In 2018, After 6 years of making cheese on a large scale we decided to cut back. We sold our flock of 120 sheep and kept back 5 to milk on a smaller scale. All of our equipment was sold to another cheese maker.
The work load, the travelling and the fact we have twins that just graduated kindergarten all were major factors in this decision. It is one thing to make cheese – but to milk 120 sheep and care for their 300 babies and…and..and…
Now we make small amounts of cheese and sell it out of our honour system fridge. In the fridge you will find cheese, wool products and some meats. You can take the products leave cash and take change – or e-transfer 🙂
We milk East Friesian cross sheep which are the sheep equivalent to Holstein dairy cows. They are white, black or both colours. They often have twin or triplet births and occasionally quadruplets.
When We Milked 120 Sheep
Our sheep give birth to their lambs in April. The mothers feed their babies collostrum for the first day. At the end of the day we take the lambs to the lamb room where we continue to bottle feed collostrum for the first few days. We train them to drink from the bucket feeders while closely monitoring them. A major reason we separate the lambs so soon from the ewes is that these sheep do not mother up very well. We would have to build a number of pens to keep them together with their babies. If not, you often will find lambs scattered, maybe hidden in the straw and not cared for. We may not know who belong to whom and whether they have been feeding.
We milk the ewes out for 10 days and feed that milk to the lambs as it may still have colostrum in it.
The ewes are then put into the milk line and milked until the end of October when they start to dry off naturally.
It takes a first time milking sheep about two weeks to get used to the routine of milking.
Unlike a typical dairy, our sheep are free range summer and winter. They rotational graze on our alfalfa & hay pastures and hay and grain in the winter. As a treat the sheep do get grain in front of them while they are milking.
Dairy digestion and allergies
Our milk should be safe for those who have problems digesting dairy but it is important to check with your doctor and introduce our products slowly. Sheep are small animals and so are their protein and fat molecules making the milk more easily digestible for everyone! As well sheep do not produce the A1 type beta-casein protein (produced in Holstein milk) which some people are allergic to. They produce the A2 type beta-casein protein found in Jersey, Gurnsey, sheep, goats, camels etc.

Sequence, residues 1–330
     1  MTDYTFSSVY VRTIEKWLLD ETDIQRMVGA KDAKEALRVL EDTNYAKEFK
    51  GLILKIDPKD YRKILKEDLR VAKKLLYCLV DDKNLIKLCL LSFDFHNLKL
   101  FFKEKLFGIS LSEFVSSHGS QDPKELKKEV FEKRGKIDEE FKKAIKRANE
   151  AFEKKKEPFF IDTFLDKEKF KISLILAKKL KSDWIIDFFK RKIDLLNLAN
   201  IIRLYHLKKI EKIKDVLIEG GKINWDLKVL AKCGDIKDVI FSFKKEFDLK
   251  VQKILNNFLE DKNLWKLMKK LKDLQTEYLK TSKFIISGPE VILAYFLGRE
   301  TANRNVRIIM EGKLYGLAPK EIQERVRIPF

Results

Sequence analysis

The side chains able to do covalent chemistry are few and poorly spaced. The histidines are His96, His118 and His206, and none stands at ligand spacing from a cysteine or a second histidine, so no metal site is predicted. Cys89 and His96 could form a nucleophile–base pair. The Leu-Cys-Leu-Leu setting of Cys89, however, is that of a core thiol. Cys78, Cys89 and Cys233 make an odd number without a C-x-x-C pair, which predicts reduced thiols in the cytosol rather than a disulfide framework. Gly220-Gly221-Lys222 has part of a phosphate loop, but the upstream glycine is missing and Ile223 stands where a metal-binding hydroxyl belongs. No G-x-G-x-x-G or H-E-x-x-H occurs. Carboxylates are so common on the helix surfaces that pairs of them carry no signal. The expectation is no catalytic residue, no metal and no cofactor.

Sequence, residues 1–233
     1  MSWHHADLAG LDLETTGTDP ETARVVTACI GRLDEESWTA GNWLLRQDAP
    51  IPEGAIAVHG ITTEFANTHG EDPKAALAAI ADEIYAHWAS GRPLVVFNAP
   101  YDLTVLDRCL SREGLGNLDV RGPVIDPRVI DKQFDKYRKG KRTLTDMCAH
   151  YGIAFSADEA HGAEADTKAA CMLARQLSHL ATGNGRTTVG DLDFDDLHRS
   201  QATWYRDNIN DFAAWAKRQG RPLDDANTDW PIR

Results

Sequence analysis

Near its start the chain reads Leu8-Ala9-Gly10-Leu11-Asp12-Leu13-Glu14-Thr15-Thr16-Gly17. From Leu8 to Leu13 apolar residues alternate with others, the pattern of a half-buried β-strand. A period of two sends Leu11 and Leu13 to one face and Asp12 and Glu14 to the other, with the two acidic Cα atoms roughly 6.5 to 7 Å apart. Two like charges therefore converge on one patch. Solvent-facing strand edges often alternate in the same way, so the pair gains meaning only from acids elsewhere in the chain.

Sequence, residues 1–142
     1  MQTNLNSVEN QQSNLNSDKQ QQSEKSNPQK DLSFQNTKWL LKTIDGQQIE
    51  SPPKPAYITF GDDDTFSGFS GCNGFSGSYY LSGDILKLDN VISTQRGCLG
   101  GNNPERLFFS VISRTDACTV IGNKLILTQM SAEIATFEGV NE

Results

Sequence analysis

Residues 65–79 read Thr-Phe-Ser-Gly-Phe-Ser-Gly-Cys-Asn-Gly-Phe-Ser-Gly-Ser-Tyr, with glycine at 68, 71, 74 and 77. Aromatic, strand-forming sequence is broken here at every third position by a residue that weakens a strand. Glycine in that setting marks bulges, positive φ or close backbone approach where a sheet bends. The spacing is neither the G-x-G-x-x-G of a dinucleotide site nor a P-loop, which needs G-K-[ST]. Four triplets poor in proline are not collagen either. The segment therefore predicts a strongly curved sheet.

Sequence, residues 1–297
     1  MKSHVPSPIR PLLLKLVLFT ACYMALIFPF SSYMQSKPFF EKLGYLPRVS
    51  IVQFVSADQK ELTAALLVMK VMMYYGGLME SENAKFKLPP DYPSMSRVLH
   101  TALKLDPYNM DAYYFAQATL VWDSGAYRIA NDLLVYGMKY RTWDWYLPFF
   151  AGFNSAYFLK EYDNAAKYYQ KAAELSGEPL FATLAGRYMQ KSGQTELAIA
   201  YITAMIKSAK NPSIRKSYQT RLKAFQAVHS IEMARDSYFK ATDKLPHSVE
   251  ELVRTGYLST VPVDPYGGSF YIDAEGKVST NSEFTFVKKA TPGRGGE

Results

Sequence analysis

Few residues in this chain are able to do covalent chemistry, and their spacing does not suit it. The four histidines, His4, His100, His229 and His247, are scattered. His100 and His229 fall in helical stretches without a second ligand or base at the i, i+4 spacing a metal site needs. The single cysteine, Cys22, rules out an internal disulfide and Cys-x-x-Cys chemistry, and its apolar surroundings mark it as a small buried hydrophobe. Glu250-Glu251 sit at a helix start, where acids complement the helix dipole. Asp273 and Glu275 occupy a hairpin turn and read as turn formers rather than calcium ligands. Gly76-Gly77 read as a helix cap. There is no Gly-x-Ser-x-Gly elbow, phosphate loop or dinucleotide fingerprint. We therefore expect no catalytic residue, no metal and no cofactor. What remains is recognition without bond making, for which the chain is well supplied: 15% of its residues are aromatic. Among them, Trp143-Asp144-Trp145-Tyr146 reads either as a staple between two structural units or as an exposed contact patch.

Lactose is a sugar in milk and sheep milk does contain lactose. However many people incorrectly believe that they are lactose intolerant when they could in fact be reacting to the impact of A1 beta-casein protein.
Much of the lactose goes out with the whey in cheese making and any remaining transforms to lactic acid over time. The older the cheese, the drier it is meaning it has less whey/lactose.
Pasture Raised / Grass Fed Milk
Our farm was seeded down to pasture in 2003 and cross fenced to provide rotational grazing for our beef cattle. It is a great system to use for our sheep. We use electric fences and page wire.
Our sheep are pasture raised meaning there is grass based goodness in the milk! The fat of the milk there will contain higher vitamins A & E, higher CLA content and balanced omega fats.
Sheep milk has twice the nutritional value of cow’s milk. A one inch cube of our cheese has 20% of your daily calcium needs!
Hedge Haven Farm was created in 1967 when my husband’s grandfather moved out here from Ontario to start a cow dairy. He and his wife along with their 11 children worked the dairy and the fields.
In 1997 the dairy was sold and in 2003 after learning more about what the farmland was seeded down to grass and beef cattle were purchased. The psatures are rotationally grazed and manure is spread back on to them for fertilizer.
The farm is currently run by my mother and father in law as well as my husband. They run a large herd of beef, the sheep and sometimes pasture raised chickens!
The Cheesiry was built within the old dairy barn in 2009.
We are very thankful of the staff that joins us every year and the permanent staff that give their time year round. Being a seasonal dairy it works very well for us to use interns from March to November. We receive exchange students from agriculture exchange programs such as CAEP and IAEA and have a wonderful relationship with LaSalle Beauvais University in Beauvais, France. This University requires their second year students to spend 4 months on an English speaking farm.
Rhonda Zuk Headon
Cheese Maker Extraodinaire